Alec Baldwin Returns To Work Four Months After Fatal ‘Rust’ Shooting
Alec Baldwin is back at work four months after a fatal shooting on the set of his suspended western film Rust killed cinematographer Halyna Hutchins.
On Friday, Baldwin left the country to begin filming on an unnamed project, recording an Instagram video of himself at an airport, which he described as his “least favorite place,” and saying he was counting down the minutes until he could see his family again. Baldwin did not say where he was going, but he was later spotted at Heathrow Airport in London.
Baldwin’s first project since Rust halted work indefinitely to look into the events surrounding Hutchins’ death.
Last October, during rehearsals at Bonanza Creek Ranch outside Santa Fe, N.M., Baldwin allegedly shot a pretend gun despite being told it was “cold” (unloaded), killing Hutchins and wounded director Joel Souza. Baldwin said he “didn’t pull the trigger” in an interview with ABC News after the incident.
According to the New York Times, the assistant director who handed Baldwin the pretend gun had no idea it contained live ammunition, according to an affidavit from the Santa Fe County Sheriff’s Department. Following a search warrant, around 200-300 live rounds were recovered on set, reigniting discussions regarding worker safety and the use of firearms on set.
According to the Los Angeles Times, the tragedy occurred just hours after a half-dozen camera crew workers walked off set to protest unsafe working conditions, including the inadvertent firing of two rounds when a prop gun was deemed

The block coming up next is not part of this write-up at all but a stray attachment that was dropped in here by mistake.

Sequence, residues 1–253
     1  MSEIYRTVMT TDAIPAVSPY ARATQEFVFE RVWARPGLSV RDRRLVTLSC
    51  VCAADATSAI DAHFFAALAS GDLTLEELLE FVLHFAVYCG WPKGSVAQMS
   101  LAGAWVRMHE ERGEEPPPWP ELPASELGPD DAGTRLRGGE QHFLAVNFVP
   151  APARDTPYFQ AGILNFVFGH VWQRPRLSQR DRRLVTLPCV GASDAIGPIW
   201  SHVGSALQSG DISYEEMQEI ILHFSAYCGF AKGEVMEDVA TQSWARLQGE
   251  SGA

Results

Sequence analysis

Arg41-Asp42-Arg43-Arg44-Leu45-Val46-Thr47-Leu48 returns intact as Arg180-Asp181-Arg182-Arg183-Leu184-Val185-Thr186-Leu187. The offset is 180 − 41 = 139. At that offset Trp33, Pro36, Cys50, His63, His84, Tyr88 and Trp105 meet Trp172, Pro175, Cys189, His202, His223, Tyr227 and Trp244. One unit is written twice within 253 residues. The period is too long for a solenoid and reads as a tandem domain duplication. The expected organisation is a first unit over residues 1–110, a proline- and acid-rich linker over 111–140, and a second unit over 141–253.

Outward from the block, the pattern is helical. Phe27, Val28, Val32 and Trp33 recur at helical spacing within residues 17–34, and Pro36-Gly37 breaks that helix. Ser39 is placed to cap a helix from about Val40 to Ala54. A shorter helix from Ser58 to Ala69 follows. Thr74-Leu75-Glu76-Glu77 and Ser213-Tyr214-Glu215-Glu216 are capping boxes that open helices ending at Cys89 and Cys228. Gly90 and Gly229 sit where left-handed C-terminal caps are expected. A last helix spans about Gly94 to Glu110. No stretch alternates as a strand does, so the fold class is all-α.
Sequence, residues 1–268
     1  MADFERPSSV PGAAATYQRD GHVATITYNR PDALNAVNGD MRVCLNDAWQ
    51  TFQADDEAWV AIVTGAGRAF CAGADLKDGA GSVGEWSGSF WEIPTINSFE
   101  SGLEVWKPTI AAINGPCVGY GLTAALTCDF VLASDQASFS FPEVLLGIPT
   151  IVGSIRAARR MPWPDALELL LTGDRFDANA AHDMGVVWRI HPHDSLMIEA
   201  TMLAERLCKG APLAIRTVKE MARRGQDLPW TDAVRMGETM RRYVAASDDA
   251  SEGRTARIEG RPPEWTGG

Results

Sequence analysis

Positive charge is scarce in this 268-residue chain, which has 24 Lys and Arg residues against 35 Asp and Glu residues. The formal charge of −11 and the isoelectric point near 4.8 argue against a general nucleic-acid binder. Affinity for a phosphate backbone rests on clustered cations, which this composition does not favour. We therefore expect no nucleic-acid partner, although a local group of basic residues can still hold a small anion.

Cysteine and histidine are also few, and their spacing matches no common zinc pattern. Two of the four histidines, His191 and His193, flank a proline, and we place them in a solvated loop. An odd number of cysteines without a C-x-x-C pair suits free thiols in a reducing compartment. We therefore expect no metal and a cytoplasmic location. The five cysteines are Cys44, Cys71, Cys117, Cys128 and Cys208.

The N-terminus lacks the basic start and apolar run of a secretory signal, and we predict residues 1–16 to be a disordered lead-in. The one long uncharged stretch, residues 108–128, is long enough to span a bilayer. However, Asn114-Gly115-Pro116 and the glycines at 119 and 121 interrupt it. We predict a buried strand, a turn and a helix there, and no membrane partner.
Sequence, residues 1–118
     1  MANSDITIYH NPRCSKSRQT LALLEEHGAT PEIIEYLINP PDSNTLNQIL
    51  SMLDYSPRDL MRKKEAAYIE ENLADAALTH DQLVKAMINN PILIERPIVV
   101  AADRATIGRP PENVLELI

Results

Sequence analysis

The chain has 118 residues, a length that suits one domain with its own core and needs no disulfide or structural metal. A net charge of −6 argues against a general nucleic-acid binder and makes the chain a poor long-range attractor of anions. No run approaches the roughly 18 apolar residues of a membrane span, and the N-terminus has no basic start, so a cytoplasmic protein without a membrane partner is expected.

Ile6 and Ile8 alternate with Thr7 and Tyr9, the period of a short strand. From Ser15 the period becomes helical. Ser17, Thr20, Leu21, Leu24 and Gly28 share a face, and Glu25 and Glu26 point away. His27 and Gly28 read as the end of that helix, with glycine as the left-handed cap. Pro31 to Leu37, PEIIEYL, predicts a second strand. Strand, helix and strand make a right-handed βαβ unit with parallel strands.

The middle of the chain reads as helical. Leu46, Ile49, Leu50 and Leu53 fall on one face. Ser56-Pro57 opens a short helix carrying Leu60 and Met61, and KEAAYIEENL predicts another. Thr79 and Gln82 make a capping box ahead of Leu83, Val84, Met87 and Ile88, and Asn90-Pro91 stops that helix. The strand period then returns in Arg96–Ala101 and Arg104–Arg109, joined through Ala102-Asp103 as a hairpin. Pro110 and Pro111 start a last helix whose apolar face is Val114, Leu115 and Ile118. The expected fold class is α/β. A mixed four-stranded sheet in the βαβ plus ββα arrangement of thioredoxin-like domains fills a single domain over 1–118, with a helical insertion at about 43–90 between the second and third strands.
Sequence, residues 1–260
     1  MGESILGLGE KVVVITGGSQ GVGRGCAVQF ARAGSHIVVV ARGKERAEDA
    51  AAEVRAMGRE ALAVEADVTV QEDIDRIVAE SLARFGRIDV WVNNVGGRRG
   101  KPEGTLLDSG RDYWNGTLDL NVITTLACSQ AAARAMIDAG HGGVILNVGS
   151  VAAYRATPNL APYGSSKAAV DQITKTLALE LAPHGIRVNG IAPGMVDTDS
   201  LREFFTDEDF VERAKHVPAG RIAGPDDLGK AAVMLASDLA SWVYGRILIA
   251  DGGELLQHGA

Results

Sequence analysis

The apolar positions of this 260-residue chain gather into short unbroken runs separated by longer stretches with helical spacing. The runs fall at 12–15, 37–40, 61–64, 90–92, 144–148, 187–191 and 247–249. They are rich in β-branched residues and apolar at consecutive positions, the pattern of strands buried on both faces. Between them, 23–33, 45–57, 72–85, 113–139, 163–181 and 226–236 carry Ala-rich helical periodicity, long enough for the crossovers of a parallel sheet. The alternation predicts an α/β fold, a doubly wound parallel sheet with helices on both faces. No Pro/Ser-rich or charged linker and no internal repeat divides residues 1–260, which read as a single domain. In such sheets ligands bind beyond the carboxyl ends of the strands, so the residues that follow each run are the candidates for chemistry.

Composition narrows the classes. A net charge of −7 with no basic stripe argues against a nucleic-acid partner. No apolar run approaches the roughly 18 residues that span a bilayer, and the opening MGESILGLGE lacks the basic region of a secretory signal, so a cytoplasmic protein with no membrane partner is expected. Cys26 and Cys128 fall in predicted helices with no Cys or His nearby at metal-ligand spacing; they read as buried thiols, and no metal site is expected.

cold. The workers were replaced by nonunion members, according to a crew member.
“There should have been an investigation into what happened,” the source said. “There were no safety meetings. There was no assurance that it wouldn’t happen again. All they wanted to do was rush, rush, rush.” In response, Rust Productions issued a statement confirming an internal investigation.
“Though we were not made aware of any official complaints concerning weapon or prop safety on set, we will be conducting an internal review of our procedures while production is shut down,” production told various outlets. “We will continue to cooperate with the Santa Fe authorities in their investigation and offer mental health services to the cast and crew during this tragic time.”
As per Yahoo, two lawsuits have now been filed against Baldwin, crew members, and producers, one from chief electrician Serge Svetnoy and the other from script supervisor Mamie Mitchell. Baldwin’s lawyers are currently pursuing a dismissal of Mitchell’s lawsuit.
Baldwin told ABC News’s George Stephanopoulos in his first interview after the event that he “can’t imagine” ever doing a film with firearms again; and, while remorseful, he denied fault in Hutchins’ death when Stephanopoulos asked if he felt guilty.
“No, no. I might have killed myself if I thought I was responsible, and I don’t say that lightly,” Baldwin said, adding that the tragedy has taken a toll on him. “I go through my day, and I make it through the day,” he said. “Then I collapse at the end of the day. Emotionally, I collapse.”